Also, hold yourself accountable to a standard by comparing your performance to your peers’ around the country. Statistical information is available through the Medical Group Management Association and the National Society of Certified Healthcare Business Consultants. You can set performance goals based on a combination of the national data and your own historical performance.
5. Turn to technology.
Technology is no longer the wave of the future; it has become an essential part of doing business for the medical practice today.
The fear of change and loss of control, plus the cost of an electronic medical record (EMR) system, have played a major role in many physicians’ reluctance to adapt to EMR. Although implementing an EMR system requires a substantial upfront investment and a sometimes costly loss in production during the conversion, EMR proves to have a dramatic impact on improving workflow, cutting processes, reducing errors, saving time, and reducing staffing costs substantially.
Even without EMR, there are technology features physicians can implement that will save the practice thousands of dollars each year. I recently consulted with a six-physician primary care practice where 120 patient charts were pulled the first hour in the morning for prescription refills. E-prescribing alone will save this practice more than 100 hours of staff and physician time each week. Do the math. With the estimated staff cost of $15 to pull a chart, review it, complete the transaction and documentation, and return it to the file, this practice spends more than $75,000 a year for staff to manually manage the prescription calls during the year.
You don’t have to spend a fortune to have a technology-savvy office that saves time and money. There are many forms of virtual technology at your fingertips with a minimal investment and an immediate return. Start with getting your staff online and off the phone. Interoffice communication through email and instant messaging keeps people at their desks, saving steps and time, and it’s far more reliable, providing documentation for later reference.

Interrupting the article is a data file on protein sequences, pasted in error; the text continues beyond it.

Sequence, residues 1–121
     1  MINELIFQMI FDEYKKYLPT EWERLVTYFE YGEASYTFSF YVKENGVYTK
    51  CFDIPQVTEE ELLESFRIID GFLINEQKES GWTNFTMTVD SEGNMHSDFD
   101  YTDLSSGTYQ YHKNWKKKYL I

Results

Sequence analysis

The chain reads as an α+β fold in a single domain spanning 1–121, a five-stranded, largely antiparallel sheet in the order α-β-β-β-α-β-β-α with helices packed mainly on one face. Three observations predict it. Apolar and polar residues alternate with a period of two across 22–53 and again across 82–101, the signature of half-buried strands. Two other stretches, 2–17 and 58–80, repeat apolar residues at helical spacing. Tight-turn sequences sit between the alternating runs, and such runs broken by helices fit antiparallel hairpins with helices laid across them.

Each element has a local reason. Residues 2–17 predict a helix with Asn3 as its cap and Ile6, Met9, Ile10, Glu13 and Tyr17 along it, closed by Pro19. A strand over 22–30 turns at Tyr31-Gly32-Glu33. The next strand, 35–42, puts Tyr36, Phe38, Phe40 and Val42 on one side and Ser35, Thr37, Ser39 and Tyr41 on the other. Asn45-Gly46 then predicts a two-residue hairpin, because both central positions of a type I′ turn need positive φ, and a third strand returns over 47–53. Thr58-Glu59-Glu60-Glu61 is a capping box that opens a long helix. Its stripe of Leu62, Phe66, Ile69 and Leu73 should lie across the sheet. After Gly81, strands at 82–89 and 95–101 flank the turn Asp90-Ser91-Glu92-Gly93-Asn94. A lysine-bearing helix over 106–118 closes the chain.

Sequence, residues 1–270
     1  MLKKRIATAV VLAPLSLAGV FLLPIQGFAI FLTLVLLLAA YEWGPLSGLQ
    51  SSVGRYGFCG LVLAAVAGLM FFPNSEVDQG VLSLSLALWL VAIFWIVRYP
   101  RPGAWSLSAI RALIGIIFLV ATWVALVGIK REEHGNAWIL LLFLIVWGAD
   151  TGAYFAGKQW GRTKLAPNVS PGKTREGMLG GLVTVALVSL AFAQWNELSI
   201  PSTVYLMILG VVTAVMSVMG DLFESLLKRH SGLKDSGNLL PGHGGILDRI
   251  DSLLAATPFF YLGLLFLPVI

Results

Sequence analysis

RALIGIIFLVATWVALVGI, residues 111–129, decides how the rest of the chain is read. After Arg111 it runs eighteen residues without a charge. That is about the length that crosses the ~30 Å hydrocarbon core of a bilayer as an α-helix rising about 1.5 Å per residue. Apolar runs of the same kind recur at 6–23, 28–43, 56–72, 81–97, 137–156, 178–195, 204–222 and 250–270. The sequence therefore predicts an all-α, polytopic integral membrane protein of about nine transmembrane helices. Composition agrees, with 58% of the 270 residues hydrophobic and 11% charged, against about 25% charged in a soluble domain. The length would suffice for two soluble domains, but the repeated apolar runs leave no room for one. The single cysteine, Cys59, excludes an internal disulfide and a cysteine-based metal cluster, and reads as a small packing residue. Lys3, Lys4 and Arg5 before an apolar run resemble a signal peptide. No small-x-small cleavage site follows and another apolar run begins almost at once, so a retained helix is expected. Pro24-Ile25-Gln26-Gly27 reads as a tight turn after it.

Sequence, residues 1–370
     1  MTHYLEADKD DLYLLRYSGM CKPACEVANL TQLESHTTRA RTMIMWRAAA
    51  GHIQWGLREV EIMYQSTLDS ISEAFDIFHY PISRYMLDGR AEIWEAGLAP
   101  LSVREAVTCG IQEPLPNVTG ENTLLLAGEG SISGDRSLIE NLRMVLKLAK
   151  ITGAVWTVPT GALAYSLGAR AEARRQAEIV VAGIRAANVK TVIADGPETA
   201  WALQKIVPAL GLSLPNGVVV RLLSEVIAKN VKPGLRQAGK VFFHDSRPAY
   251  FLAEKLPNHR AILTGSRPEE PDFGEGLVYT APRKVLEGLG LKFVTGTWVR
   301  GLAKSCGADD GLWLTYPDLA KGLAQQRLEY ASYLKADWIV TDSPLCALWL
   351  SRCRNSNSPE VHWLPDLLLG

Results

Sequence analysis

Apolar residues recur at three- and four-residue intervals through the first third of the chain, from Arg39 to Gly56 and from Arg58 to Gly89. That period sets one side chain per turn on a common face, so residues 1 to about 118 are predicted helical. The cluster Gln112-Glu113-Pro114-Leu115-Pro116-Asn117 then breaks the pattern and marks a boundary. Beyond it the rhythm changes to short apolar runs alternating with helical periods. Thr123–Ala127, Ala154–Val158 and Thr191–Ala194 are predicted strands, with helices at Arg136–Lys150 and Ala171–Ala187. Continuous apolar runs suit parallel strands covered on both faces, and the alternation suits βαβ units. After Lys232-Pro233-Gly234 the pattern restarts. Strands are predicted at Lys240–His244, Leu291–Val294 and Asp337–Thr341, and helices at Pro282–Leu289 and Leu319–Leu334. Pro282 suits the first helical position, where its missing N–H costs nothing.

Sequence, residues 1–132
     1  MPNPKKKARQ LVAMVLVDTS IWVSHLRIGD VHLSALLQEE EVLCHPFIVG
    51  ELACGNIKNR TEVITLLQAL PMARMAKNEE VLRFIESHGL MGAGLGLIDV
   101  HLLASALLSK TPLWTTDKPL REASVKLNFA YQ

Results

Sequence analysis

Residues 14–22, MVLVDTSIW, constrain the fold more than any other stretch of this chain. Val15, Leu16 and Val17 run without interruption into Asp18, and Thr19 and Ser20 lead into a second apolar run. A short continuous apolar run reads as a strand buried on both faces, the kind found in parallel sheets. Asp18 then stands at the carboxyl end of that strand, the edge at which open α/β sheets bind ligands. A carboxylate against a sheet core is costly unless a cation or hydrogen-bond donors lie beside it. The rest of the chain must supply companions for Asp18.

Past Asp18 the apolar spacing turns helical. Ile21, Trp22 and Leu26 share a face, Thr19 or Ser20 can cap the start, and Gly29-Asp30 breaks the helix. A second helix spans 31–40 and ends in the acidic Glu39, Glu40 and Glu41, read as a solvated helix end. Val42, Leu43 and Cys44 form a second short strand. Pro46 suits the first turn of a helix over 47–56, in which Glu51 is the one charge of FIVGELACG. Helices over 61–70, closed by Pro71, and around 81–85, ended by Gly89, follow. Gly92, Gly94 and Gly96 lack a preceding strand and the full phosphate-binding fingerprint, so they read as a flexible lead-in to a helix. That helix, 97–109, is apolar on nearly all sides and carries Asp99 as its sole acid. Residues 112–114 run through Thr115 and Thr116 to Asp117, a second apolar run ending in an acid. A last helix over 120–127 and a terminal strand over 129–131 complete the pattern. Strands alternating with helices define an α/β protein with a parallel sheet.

The internet brings an enormous advantage to medical practices across the country: improving communication and cutting time by checking patient eligibility, obtaining authorization for treatment, tracking referrals and checking on claims status.
Take advantage of other opportunities to tap into technology. For example, use lockbox banking to speed up deposits and reduce the opportunity for embezzlement. The payments are mailed directly to the bank and deposited into your accounts, saving many steps and improving accuracy. In addition, EOBs can be reviewed online. They can be retrieved and printed at any time from the desktop, eliminating the need to file and maintain hard copy EOBs in the office.
An automated telephone reminder system cuts the workload for staff and improves efficiency. It will improve revenue by reducing those missed appointments and, more importantly, increasing patient compliance. This becomes an even more important factor as we see pay for performance initiatives on the horizon. A sophisticated automation system will provide you with tracking tools and customized reports that make it easier and more consistent for you to monitor appointment activities and patient compliance.
These are just a few tips to help your practice flourish during difficult economic times. But in the end, the most important factor in making the most of practice opportunities relies on your own actions and behavior. The employees’ performance and attitude will be based on how you treat each of them. Don’t be the physician or manager who walks in the back door and fails to say good morning to each person who serves you. Remember to thank each one when they go the extra mile. Always treat your patients with kindness and speak about them respectfully to the staff. Staff will model your behavior. So, if the patients aren’t happy or the employees’ productivity is sliding, it may be time to look in the mirror.
Judy Capko is a healthcare consultant and speaker based in Thousand Oaks, California